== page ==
TEMPLE, Texas — Each year the Texas State Soil and Water Conservation Board (TSSWCB) and the Association of Texas Soil and Water Conservation Districts (ATSWCD) recognize and honor individuals who dedicate themselves to the conservation and management of renewable natural resources. These outstanding conservationists will be recognized during an awards luncheon on Tuesday, October 5, 2021 at Kalahari Resort in Round Rock.
The Texas Conservation Awards Program began in the late 1970’s to recognize conservationists and the vital role they play in managing Texas’ natural resources. The purpose of the program is to acknowledge, recognize, and honor individuals that dedicate their time and efforts to the conservation of natural resources.
The program provides an opportunity for competition and incentives to expand and improve conservation efforts as well as the wise utilization of renewable natural resources. Categories recognized through the Texas Conservation Awards Program are: Poster Contest and Junior and Senior Essay Contests, Conservation Farmer, Outstanding Soil and Water Conservation District, Conservation Rancher, Friend of Conservation, Conservation Teacher and Wildlife Conservationist.
The subject for the 2021 Poster Contest was “Healthy Forests, Healthy Communities.” Cadence DelaRosa from Riviera and the Kleberg-Kenedy Soil and Water Conservation District (SWCD) #356, was chosen as this year’s winner. The poster will advance to the National Association of Conservation Districts Poster Contest in December 2021.
“Healthy Forests, Healthy Communities” was also the topic for the 2021 Essay Contest. Blaine Dahl, of Channing and the Hartley Soil and Water Conservation District #152, took first place in the Junior Division of the essay contest. Briana Latray, of Groesbeck and the Limestone-Falls Soil and Water Conservation District #501, took first place in the Senior Division of the essay contest.
Below is a list of the 2021 Conservation Award Winners:
Conservation Farmer – Todd Westerfeld, McLennan County SWCD #512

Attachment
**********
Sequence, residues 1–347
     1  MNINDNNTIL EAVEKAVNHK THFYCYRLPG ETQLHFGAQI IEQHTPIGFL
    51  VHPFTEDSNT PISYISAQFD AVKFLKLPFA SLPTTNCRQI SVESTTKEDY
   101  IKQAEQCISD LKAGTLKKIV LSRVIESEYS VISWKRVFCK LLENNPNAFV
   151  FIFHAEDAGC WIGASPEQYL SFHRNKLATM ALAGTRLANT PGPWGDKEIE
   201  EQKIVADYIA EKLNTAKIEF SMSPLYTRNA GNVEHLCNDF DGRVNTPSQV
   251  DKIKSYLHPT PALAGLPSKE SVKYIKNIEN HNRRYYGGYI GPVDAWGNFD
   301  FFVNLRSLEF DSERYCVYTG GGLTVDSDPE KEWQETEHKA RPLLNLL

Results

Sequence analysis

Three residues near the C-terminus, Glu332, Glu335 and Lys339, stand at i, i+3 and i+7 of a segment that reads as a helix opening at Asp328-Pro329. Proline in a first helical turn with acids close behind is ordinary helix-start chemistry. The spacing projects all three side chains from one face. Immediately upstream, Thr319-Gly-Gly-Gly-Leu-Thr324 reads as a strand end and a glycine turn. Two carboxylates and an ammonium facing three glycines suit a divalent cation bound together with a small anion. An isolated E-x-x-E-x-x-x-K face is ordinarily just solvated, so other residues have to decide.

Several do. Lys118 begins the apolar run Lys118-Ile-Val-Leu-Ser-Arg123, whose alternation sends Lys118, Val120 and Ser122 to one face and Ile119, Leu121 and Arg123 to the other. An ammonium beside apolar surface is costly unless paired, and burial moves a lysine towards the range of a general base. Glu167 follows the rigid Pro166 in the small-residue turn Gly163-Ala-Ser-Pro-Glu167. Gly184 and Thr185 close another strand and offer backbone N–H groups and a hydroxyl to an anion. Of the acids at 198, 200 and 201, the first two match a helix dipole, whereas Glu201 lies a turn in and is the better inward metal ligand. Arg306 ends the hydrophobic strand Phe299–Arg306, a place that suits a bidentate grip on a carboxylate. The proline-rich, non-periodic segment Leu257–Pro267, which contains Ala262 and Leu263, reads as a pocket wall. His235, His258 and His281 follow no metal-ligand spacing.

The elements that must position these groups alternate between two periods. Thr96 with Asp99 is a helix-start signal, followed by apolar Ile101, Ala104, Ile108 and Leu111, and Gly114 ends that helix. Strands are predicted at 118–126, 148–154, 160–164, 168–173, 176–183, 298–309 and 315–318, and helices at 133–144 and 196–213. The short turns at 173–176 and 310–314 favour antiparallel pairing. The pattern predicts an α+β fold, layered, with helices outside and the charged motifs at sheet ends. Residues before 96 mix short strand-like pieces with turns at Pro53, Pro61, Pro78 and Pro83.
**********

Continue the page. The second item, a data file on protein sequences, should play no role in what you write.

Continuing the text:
Todd Westerfeld Farms located in Moody, Texas is owned and operated by Todd and Amanda Westerfeld, along with their two daughters, Ember and Lena. Todd grew up on a farm and spent most of his life learning alongside his father. In 2009, Todd ventured out to start his own operation taking on over 3,400 acres of cropland and 250 of pasture. With the help of his father and cousin, the Westerfeld’s have produced some of the best crops in the county over the years. Todd’s innovation, willingness to practice good stewardship and utilizing new technologies has proven to be successful for his operation. Westerfeld is a cooperator with the McLennan County SWCD and USDA-NRCS to put conservation efforts on the ground. Those practices include forage and biomass planting, as well as cross fencing that is utilized for rotational grazing. With a following of over seventeen thousand on Instagram, Westerfeld does his part to share behind the scenes of the hard work and dedication that comes with producing food and fiber with conservation at top of mind. As trends in agriculture continue to change, the Westerfeld family is always looking to the future and how they can advance their operation in a way that preserves and protects natural resources.
Outstanding Soil and Water Conservation District – Parker County SWCD #558
Melton Harms, Chairman
Jeanne O’Connor, Vice-Chairman
Larry B. King, District Director
Larry Waldan, District Director
Morris White, District Director
The SWCD was originally established in 1941 as Hood-Parker SWCD covering both Hood and Parker Counties. In 1992, through a re-organization process it became Parker County SWCD covering its namesake. The purpose of the SWCD is to protect and enhance the natural resources of Parker County through financial and technical assistance as well as educational support to local citizens and the upkeep of infrastructure in the county. Parker County SWCD is active in the TSSWCB Flood Control Program through addressing the operation and maintenance needs for the 34 flood control structures within the county. The SWCD is passionate about educating landowners and future generations. In 2017, the SWCD partnered with Weatherford College to plant a demonstration area at the college farm that is utilized as an educational tool for students. Parker County SWCD works diligently to ensure the availability of natural resources for future generations so that all Texans’ present and future needs can be met in a manner that promotes a clean, healthy environment and strong economic growth.